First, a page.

30 May, 2023
Saudi Arabia currently imports around 60 percent of its seafood, but the government is ramping up efforts to become self-sufficient and has already invested heavily in aquaculture to supplement the declining catch from Red Sea fisheries. At KAUST, as part of the projects supported by the Ministry of Environment, Water and Agriculture, research is underway to inform fisheries management and secure the future of this vital food source.
“Fishing is a trade-off between how quickly the population of each species can grow and how much we take out,” says postdoc Andrew Temple, “but it can take up to a decade of data collection to spot a decline, and so we are always playing catch up. This is particularly bad for people who rely on fishing as a source of food or income.”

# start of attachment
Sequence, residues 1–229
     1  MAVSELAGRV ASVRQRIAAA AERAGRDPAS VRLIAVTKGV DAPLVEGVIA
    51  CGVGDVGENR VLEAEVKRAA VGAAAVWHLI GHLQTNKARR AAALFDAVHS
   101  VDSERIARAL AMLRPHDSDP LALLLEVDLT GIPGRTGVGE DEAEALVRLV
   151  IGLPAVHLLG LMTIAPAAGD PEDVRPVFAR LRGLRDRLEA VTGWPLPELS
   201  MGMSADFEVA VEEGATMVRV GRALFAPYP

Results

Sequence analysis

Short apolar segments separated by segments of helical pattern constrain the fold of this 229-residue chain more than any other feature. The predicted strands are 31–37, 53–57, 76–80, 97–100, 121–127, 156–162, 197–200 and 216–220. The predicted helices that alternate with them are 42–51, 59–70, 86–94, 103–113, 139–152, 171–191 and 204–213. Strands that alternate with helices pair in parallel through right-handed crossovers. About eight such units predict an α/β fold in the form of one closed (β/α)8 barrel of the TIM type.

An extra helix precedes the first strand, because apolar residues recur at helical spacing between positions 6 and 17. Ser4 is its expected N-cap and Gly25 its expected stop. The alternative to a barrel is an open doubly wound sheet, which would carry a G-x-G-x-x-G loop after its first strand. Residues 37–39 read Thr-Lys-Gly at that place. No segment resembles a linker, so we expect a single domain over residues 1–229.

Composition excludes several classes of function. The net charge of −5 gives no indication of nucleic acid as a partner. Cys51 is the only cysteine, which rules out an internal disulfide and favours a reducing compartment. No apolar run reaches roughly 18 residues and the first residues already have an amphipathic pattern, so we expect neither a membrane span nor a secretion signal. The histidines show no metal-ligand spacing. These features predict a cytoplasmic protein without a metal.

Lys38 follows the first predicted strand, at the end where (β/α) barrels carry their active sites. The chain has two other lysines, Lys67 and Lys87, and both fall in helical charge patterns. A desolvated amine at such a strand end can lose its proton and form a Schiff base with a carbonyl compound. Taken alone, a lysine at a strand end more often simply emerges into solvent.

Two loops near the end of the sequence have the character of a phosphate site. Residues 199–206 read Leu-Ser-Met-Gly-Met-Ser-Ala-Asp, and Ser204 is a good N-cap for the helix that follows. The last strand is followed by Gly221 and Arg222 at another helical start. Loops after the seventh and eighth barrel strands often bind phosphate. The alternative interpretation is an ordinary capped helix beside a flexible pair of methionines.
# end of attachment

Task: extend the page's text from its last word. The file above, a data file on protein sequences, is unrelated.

Drawing upon experience working with global fisheries from Northern Europe to East Africa, Temple hopes to transform fisheries management from a reactive science — responding to species decline — into a proactive one that prevents species decline and facilitates marine conservation measures.